Harrisburg understood their responsibility to provide a safe and secure environment, and partnering with Gallagher provided them with the flexibility to employ customised features tailored to their specific requirements. Gallagher and South Dakota based company, Integrated Technology & Security, installed a fully integrated, digitally based, user-friendly system that assisted – not replaced – their existing manual security procedures.
Key features of the security solution included an outlook calendar integration to enable scheduling of access for special events, intercom / phone integration to control doors from a desktop icon or smartphone, strobe light control to provide lockdown notifications in hearing impaired areas such as deaf education, shops and the gym, and an intercom integration for lockdown announcements. Command Centre provides enterprise level lockdown controls which limit access to buildings, control fire doors and send notifications, while providing an audit trail and video alerts.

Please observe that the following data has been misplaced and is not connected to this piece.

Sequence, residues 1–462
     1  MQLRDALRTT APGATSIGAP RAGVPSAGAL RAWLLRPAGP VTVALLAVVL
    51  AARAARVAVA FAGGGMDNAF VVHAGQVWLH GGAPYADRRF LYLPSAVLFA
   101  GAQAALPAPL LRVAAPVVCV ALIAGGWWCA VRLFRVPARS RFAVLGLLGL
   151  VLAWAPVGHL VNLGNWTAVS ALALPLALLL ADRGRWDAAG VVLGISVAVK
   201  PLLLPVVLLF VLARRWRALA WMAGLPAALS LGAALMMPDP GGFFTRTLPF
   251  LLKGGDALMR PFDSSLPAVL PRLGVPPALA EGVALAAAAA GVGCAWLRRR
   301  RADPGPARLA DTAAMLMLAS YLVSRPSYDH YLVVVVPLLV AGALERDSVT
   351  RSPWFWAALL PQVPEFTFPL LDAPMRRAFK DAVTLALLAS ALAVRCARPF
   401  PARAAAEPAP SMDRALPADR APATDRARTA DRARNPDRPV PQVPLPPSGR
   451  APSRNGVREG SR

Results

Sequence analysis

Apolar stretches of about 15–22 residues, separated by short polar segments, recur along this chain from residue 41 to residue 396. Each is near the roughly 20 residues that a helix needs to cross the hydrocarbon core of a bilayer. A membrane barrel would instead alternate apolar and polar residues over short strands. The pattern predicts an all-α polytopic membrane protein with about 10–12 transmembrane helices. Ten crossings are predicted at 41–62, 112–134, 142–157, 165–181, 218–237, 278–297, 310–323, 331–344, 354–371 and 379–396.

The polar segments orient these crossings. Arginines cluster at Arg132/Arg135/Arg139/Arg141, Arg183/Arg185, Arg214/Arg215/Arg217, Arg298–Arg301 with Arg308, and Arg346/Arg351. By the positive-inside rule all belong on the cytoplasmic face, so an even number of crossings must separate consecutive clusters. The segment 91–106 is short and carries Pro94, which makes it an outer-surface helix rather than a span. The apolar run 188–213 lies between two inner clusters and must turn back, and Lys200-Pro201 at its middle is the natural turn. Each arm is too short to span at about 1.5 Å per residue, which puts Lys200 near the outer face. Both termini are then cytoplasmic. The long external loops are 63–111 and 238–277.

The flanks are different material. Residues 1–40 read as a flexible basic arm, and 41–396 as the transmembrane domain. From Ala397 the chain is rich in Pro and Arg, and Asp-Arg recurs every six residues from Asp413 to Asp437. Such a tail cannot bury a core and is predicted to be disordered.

While initially only office and administrative staff were trained in the use of lockdown systems, as the system developed, all members of staff are now able to control access in individual school buildings. If a lockdown has been activated, a notification is automatically issued to district authorities, immediately alerting emergency services if required.
CHOOSING A QUALITY PRODUCT
With effective access control and lockdown measures being of such high importance in today’s day and age, perhaps one of the most important factors of the security procurement process is that the solution is chosen from a reputable supplier that meets with the relevant British and European standards for their products and / or services.
Members of the BSIA’S Access and Asset Protection Section all offer a reputable service and have a wealth of experience in providing their products within the education sector.
In fact, the section will shortly be publishing a guide to aid key decision makers in fully understanding the capabilities and added value benefits of installing electronic and physical access control measures in schools.
The guide provides school officials with a useful summary of the options available, as well as real world examples of where access control measures have proven instrumental in schools. In addition, the guide also contains a helpful floorplan to demonstrate key areas within a school where physical and electronic access control measures can be best placed. The guide will soon be available to download free of charge on the BSIA’s website.Further Information: